Lake Pontchartrain trout fishing mediocre after Bonnet Carré Spillway closes

Trout still hanging in areas of the lake, but veteran angler says spring run won’t be great

The nearly month-long opening of the Bonnet Carré Spillway poured fresh water into Lake Pontchartrain, and that’s definitely impacted the trout fishing.

“This spring hasn’t been as good as it normally is,” said Chas Champagne, who owns Matrix Shad and fishing the lake regularly. “On a scale of 10, I’d give it a 3 or 4 — more like a 3.”

But Champagne said that, despite the lack of saltwater in the massive lake, last weekend’s full moon provided plenty of action.

“The lake just doesn’t seem to have any salt in it,” he said. “But it hasn’t shut (the fishing) down.”

“Saturday we limited out.”

He said there were specks on the south end of the Trestles, even though the water was dirty.

“This week they’re on the north end (of the Trestles),” Champagne said.

The fish are pretty scattered, however.

There was an algae bloom about a week ago, but Pontchartrain Basin Foundation’s Dr. John Lopez said it wasn’t a major incident.

“We basically think that’s dissapated,” Lopez said. “It’s been very windy.”

He said the cold fronts and winds that have plagued this spring are a good thing in terms of algae blooms because cooler temps and choppy water combine to keep the blooms from blowing up.

And the closure of the MRGO has resulted in Lake Pontchartrain being much fresher, as a whole, than it once was.

“Almost half the lake is fresh now,” Lopez said. “It’s really just the east side of the lake that needs to return to normal.”

So, while there could still be algae blooms as the water warms, the relative freshness of Pontchartrain should shorten the time necessary for the lake to return to the new normal salinities.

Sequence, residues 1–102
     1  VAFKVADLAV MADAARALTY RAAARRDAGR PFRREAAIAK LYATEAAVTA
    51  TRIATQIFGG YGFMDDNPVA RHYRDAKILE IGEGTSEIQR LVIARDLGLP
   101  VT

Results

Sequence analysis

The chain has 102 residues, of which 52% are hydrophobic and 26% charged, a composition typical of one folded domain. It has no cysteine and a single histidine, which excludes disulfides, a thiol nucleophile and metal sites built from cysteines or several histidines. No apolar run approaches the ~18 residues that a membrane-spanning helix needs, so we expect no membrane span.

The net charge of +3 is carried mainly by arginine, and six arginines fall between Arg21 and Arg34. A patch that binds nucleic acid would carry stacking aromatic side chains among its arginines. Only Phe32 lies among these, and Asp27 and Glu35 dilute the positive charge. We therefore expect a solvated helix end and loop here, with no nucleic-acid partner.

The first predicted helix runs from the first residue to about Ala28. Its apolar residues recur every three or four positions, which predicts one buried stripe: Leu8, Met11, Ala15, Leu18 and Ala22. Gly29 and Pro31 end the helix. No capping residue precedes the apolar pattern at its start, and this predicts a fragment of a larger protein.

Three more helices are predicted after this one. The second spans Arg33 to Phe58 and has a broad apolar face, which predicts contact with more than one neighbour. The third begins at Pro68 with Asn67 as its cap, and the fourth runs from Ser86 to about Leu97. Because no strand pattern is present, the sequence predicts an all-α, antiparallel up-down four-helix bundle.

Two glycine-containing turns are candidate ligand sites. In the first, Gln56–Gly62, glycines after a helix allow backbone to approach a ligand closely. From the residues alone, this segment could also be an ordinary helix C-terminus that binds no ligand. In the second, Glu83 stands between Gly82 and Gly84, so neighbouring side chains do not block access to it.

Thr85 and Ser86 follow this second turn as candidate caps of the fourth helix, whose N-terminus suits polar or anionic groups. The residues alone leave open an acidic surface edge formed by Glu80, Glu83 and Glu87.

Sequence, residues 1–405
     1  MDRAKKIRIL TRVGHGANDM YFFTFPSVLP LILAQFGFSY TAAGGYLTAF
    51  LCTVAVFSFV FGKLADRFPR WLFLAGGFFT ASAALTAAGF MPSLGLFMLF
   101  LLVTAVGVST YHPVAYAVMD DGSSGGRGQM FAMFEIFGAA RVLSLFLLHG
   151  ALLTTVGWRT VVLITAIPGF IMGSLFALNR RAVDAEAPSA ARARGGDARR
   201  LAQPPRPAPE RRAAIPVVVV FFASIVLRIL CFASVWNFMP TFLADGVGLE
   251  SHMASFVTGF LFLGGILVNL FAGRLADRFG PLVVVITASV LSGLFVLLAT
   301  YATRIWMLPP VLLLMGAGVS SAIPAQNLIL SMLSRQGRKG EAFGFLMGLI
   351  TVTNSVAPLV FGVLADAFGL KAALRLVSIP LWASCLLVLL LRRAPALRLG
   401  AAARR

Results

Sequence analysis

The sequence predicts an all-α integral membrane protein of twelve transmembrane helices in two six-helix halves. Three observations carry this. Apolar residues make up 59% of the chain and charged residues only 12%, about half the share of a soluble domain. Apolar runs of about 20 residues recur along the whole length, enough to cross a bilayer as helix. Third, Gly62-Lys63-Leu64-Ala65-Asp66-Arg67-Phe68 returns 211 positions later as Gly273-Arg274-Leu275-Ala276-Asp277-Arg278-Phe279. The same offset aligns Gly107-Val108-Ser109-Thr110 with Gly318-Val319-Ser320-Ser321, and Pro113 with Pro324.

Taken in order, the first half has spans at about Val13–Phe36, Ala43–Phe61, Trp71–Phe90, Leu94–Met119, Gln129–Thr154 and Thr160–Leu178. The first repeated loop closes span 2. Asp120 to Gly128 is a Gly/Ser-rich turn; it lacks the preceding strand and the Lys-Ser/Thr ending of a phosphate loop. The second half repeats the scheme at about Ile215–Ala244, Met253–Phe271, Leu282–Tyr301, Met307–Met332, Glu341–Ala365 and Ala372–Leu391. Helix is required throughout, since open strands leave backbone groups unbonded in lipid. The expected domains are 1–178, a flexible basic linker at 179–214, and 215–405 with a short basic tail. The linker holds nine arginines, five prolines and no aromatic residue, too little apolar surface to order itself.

“What we used to say was that it would take four to six months,” Lopez said. “Now it’s probably more like two to three months.”

Lopez said a study in 2016 that coincided with a similar spillway opening provided scientific proof that Champagne’s on-the-water experience this spring is dead on.

“What they found was the fish that left the lake didn’t go far,” Lopez said.

Indeed, Champagne said right now Lake Catherine is a better option than inside the lake.

“It’s been good for 20 fish a day,” he said.

But the 2016 study also revealed trout stay in the lake even as salinity fell.

“Quite a few trout stayed in the lake,” Lopez said. “They just stayed in the clear water.

“So if you want to catch fish, find the clear water.”

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Andy Crawford has spent nearly his entire career writing about and photographing Louisiana’s hunting and fishing community. While he has written for national publications, even spending four years as a senior writer for B.A.S.S., Crawford never strayed far from the pages of Louisiana Sportsman. Learn more about his work at www.AndyCrawford.Photography.